Figure 2
Figure 2. Conservation of regulatory interactions in the reconstructed MetJ regulons.
The core regulon, taxon- and genome-specific regulon members are highlighted and listed along with their average conservation scores and functional annotations in Table S2.
Figure 3
Figure 3. Conservation of regulatory interactions in the reconstructed MetR regulons.
The core regulon, taxon- and genome-specific regulon members are highlighted and listed along with their average conservation scores and functional annotations in Table S2.
Figure 4
Figure 4. Conservation of regulatory interactions in the reconstructed SahR regulons.
The core regulon, taxon- and genome-specific regulon members are highlighted and listed along with their average conservation scores and functional annotations in Table S2.
Figure 5
Figure 5. Conservation of regulatory interactions in the reconstructed SAH riboswitch regulons.
The core regulon, taxon- and genome-specific regulon members are highlighted and listed along with their average conservation scores and functional annotations in Table S2.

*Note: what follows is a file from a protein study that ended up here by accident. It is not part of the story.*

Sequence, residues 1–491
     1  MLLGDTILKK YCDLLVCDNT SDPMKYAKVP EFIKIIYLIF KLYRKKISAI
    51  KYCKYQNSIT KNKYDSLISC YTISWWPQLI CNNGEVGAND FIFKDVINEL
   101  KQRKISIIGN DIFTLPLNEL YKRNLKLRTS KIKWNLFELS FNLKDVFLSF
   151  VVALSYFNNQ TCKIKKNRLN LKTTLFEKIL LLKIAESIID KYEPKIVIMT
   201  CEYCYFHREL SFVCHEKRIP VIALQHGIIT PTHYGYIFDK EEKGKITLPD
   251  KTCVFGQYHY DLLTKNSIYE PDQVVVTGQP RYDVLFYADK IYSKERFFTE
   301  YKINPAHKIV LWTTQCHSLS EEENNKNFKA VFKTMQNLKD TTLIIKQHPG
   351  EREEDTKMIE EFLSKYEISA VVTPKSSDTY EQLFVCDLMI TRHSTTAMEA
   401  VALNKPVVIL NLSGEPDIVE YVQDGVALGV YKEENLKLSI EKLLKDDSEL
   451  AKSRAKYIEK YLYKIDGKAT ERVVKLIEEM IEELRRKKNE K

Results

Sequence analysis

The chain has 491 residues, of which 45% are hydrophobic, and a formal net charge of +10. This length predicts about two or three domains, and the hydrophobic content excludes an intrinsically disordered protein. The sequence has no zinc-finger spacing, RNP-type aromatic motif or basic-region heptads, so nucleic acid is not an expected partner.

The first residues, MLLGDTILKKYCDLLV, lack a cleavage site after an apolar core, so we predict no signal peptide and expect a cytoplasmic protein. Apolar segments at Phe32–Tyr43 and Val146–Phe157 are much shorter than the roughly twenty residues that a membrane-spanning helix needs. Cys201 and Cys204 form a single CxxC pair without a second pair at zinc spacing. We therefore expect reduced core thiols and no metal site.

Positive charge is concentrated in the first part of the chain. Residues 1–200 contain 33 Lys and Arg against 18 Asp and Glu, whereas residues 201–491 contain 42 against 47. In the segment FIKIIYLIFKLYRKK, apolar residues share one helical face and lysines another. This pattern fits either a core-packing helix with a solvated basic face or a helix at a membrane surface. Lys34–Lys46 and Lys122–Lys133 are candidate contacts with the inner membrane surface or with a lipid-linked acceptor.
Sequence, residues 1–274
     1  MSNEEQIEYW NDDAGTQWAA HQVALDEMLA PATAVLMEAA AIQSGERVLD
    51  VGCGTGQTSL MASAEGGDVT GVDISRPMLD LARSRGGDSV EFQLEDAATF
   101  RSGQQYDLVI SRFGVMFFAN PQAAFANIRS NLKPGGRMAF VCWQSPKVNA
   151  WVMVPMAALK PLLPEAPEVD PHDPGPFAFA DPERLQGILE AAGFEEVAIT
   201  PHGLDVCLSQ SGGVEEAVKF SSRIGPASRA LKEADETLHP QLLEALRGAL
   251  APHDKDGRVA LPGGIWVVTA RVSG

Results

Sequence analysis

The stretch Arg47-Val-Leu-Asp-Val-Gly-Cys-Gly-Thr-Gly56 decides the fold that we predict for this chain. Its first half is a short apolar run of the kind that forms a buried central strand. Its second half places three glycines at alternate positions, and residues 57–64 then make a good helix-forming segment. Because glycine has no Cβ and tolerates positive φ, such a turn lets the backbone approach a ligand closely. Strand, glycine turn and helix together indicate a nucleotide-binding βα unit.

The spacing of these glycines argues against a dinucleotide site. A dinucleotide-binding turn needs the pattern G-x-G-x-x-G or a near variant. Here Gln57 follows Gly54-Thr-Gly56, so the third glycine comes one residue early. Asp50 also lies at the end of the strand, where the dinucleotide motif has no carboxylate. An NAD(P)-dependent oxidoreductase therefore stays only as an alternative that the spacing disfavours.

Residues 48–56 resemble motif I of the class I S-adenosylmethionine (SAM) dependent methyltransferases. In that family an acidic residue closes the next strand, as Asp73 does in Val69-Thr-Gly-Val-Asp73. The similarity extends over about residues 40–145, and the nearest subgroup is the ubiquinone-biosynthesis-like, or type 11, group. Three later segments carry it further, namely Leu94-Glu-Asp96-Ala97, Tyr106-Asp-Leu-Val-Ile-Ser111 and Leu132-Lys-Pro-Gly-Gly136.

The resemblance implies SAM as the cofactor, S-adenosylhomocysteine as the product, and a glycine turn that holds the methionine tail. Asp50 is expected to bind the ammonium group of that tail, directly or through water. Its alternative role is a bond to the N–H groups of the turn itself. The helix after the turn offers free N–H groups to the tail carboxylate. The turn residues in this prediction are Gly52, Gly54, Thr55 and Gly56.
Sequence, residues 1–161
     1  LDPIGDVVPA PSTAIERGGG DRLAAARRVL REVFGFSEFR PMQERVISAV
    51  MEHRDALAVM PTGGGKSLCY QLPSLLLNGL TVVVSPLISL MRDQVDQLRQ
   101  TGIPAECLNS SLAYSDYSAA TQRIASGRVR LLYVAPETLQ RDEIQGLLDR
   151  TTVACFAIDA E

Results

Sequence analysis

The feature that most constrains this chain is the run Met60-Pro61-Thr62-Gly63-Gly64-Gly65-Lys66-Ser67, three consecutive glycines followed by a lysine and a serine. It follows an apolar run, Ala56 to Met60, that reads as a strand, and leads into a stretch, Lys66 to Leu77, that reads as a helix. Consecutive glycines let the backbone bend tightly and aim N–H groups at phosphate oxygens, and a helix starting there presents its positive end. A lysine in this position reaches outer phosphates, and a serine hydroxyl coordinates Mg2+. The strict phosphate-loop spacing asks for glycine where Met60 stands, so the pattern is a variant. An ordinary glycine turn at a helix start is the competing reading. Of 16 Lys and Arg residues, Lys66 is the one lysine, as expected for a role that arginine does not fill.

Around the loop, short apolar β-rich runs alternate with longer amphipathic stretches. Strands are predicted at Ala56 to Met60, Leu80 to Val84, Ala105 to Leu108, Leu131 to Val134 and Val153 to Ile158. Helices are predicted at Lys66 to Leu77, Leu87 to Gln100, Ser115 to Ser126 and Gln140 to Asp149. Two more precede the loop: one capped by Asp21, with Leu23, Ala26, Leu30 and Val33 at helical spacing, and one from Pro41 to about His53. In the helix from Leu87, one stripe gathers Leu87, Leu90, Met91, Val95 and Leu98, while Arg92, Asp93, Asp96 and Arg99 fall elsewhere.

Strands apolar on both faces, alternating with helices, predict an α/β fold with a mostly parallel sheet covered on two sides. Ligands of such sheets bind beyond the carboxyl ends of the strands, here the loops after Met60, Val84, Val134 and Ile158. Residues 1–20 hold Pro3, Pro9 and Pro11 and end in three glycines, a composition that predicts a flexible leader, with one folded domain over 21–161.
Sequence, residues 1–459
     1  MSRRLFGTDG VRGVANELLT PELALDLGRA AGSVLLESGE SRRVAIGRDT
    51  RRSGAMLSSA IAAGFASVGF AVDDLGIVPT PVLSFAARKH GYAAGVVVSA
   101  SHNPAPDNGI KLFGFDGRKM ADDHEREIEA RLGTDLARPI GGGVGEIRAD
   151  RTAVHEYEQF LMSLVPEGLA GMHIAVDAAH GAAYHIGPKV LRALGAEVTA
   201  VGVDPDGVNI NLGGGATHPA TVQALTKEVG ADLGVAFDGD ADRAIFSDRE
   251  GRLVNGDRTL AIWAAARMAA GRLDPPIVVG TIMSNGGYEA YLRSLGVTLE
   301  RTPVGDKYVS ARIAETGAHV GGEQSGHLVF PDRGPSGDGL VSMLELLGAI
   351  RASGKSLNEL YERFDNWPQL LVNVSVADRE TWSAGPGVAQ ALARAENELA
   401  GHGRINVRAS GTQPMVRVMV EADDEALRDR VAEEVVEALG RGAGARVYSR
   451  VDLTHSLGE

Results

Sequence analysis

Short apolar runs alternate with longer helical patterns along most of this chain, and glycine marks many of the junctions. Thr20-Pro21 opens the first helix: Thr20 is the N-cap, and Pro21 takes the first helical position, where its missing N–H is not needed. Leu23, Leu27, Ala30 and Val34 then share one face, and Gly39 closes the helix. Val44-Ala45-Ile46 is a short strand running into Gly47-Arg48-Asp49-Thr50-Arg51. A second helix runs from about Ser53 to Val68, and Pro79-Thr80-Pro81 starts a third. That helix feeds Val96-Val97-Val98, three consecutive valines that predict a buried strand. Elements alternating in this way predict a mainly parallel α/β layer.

Figure 6
Figure 6. Conservation of regulatory interactions in the reconstructed SAM_alpha riboswitch regulons.
The core regulon, taxon- and genome-specific regulon members are highlighted and listed along with their average conservation scores and functional annotations in Table S2.
Figure 7
Figure 7. Distribution of regulatory interactions for core members of methionine regulons in Proteobacteria.
The presence or absence of gene orthologs in at least one studied genome in a taxonomic group is shown by light green or gray background, respectively. Regulation of at least one gene ortholog within each taxonomic group is shown by colored circles and squares as in Figure 1.
Figure 8
Figure 8. Alternative secondary structures of candidate metXZ RNA element.
Regions 1–6 shown in yellow boxes are conserved sequences found in the multiple alignment of leader regions of 34 metX and metZ genes from β-proteobacteria (Figure S2). In the consensus RNA sequence, N denotes any nucleotide, and M stands for A or C. Possible secondary structures formed by the interaction between the conserved regions are shown by yellow lines.